Why responsible gambling best practice isn’t enough anymore
Responsible gaming is a moving target and it’s not good enough to simply aim for a best practice approach anymore. Instead, you need something that’s fit for purpose in a changing market.
Ensuring that players can gamble safely is a key priority for gambling operators. At its heart, a responsible gaming environment means operators must only let players gamble with what they can afford to spend, using funds obtained legally and in a way that is not damaging to their health.
Gambling operators face criticism from many quarters including parliament, charities, the Gambling Commission and public opinion. Sometimes the criticism is justified, especially when there has been a failure of internal controls allowing a player to spend beyond their means or to gamble with illicitly obtained funds.
Tragically these failures can sometimes lead to individuals harming themselves or committing further crimes to fuel their addiction.
When the Gambling Commission gets involved in a specific issue and an operator is found to be at fault, the sanctions can be significant. Since 2017 the Gambling Commission has increased the level of its enforcement actions, both financially and via licence suspension.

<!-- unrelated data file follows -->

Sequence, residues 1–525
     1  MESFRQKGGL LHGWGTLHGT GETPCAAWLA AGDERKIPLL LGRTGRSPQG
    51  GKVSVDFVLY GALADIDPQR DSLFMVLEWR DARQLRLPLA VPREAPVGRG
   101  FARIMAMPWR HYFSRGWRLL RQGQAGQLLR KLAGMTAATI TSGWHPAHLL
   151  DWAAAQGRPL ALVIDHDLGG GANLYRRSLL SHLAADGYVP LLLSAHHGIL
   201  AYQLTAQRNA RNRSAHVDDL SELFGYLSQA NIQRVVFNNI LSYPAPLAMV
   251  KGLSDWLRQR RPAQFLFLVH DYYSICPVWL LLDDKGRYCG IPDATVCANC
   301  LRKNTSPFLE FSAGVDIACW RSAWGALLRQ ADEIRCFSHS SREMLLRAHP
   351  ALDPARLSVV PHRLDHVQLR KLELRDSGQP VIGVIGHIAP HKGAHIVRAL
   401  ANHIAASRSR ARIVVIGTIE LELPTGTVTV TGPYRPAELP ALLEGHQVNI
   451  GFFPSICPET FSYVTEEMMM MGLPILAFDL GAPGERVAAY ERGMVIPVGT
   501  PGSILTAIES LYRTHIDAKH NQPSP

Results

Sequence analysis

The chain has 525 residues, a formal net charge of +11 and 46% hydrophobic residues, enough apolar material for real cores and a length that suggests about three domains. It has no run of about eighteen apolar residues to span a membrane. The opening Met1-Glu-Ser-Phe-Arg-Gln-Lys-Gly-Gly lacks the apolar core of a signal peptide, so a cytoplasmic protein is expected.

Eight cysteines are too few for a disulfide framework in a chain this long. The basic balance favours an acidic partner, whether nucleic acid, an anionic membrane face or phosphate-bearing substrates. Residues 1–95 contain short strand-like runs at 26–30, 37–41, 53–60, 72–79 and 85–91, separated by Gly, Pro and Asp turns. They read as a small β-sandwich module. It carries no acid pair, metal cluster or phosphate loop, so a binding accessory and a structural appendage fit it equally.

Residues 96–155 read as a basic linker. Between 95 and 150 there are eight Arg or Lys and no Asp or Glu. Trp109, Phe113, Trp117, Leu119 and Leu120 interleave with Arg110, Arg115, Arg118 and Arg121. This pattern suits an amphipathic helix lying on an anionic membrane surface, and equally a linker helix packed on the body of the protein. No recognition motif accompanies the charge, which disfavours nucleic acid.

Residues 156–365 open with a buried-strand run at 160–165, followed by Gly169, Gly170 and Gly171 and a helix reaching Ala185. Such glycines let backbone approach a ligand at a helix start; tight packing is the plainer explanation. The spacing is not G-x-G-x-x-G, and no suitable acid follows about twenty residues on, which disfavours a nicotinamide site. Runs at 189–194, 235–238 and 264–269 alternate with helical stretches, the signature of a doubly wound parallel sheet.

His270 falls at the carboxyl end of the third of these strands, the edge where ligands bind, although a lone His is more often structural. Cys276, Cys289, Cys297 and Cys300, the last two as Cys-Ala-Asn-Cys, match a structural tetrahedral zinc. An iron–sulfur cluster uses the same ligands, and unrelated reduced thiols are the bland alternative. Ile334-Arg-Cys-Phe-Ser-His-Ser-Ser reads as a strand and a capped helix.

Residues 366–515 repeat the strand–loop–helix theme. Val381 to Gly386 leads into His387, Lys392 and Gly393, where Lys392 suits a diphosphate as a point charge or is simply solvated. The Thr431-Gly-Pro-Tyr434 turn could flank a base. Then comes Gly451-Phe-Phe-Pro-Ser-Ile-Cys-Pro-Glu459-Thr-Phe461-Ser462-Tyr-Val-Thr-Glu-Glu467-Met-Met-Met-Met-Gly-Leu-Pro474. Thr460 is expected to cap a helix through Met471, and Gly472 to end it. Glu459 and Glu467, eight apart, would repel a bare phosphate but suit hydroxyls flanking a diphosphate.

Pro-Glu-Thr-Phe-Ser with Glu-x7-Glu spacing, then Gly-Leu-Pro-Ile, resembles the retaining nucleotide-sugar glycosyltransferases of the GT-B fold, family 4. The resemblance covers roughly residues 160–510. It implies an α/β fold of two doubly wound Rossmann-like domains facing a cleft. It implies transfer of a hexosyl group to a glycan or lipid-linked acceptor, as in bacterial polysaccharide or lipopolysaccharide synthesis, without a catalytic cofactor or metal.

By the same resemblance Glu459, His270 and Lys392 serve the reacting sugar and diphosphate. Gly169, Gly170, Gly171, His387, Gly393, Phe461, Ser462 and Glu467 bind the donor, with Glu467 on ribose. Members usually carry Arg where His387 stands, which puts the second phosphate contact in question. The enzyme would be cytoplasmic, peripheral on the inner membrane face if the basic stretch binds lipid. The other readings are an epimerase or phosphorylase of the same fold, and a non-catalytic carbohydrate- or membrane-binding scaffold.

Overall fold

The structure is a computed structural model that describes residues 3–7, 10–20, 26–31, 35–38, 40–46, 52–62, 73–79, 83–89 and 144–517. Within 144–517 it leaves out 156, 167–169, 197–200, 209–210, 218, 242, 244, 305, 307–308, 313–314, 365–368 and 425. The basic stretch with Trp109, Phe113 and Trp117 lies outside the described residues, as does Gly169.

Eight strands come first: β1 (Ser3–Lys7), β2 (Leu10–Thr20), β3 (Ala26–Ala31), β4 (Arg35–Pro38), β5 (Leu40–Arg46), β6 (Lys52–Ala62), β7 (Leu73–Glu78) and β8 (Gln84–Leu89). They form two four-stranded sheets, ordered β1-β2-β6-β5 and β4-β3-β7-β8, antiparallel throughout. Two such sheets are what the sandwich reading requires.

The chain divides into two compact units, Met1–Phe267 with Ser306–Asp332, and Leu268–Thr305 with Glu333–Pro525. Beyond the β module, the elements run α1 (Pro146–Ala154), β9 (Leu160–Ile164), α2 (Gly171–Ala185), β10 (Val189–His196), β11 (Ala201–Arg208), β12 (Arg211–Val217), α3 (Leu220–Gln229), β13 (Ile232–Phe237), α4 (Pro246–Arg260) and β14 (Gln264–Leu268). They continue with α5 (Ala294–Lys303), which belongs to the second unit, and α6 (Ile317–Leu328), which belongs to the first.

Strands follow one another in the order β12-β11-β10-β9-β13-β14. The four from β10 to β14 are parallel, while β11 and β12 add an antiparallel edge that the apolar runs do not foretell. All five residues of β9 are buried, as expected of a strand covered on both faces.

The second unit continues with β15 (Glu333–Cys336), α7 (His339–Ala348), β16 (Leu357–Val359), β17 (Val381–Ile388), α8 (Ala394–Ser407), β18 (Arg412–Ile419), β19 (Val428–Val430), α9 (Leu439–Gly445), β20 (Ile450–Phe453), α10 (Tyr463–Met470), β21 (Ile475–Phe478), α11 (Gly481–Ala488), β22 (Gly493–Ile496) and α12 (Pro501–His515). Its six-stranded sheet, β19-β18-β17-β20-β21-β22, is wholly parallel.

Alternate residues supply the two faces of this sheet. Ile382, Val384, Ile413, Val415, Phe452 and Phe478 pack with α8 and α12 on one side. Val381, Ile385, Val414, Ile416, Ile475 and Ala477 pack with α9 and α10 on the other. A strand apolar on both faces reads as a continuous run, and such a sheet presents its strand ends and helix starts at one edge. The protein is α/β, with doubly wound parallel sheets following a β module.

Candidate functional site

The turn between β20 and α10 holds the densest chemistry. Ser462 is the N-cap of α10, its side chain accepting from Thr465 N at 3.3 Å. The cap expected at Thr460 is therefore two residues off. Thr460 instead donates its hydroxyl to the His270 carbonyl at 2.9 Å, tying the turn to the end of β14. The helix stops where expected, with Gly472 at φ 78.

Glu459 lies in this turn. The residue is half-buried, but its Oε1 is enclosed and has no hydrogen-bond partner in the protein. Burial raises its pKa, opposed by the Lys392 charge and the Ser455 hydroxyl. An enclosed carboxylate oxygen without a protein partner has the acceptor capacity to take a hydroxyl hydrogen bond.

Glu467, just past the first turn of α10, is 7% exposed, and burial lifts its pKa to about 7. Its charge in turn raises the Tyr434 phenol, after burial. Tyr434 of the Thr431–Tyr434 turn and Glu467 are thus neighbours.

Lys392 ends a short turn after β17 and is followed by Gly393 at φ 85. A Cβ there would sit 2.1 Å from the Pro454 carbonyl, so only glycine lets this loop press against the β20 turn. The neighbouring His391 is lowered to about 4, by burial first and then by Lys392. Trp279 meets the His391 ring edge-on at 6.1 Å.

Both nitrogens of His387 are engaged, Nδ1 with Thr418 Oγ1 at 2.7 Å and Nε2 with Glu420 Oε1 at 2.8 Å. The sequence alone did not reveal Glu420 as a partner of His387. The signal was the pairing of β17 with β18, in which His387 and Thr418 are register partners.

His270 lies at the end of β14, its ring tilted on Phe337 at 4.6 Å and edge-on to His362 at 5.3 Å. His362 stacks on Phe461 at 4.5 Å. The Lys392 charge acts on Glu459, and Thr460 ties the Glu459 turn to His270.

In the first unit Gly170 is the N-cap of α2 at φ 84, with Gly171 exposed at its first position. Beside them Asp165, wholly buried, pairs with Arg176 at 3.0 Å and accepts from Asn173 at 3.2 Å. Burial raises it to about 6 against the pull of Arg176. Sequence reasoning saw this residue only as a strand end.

Source of funds checks have been a particular area of concern. In February this year the Commission suspended an operator’s licence for social responsibility and money laundering failings, imposing a significant fine.
Another operator was fined millions for social responsibility and VIP source of funds check failings in March. These penalties illustrate the business, financial and reputational risk of failing to operate in a compliant and responsible way.
Effective controls will demonstrate that if a player can’t afford their losses then they are either losing money irresponsibly ,which will cause them and their family harm, or they are losing money they have stolen, which is an AML failure.
Implementing extended due diligence checks on high-value source of funds via an identity verification partner is essential. However, implementing other effective controls across the full customer base has not historically been straightforward.
Fit for purpose
Players may be reluctant to provide financial information for privacy, lack of understanding or social stigma reasons.
Conducting digital affordability checks as part of the player onboarding and identity verification process removes the need for an expensive, manual and ultimately inconsistent process. It underpins a robust approach to responsible gambling in a consistent, transparent and compliant manner.
GBG Senior Business Development Manager Rebekah Jackson said: “It is no longer sufficient to claim your business follows responsible gambling best practice.
“It is now essential to be able to demonstrate to both your regulator and the wider body of opinion that your responsible gambling process is fit for purpose in a changing market.”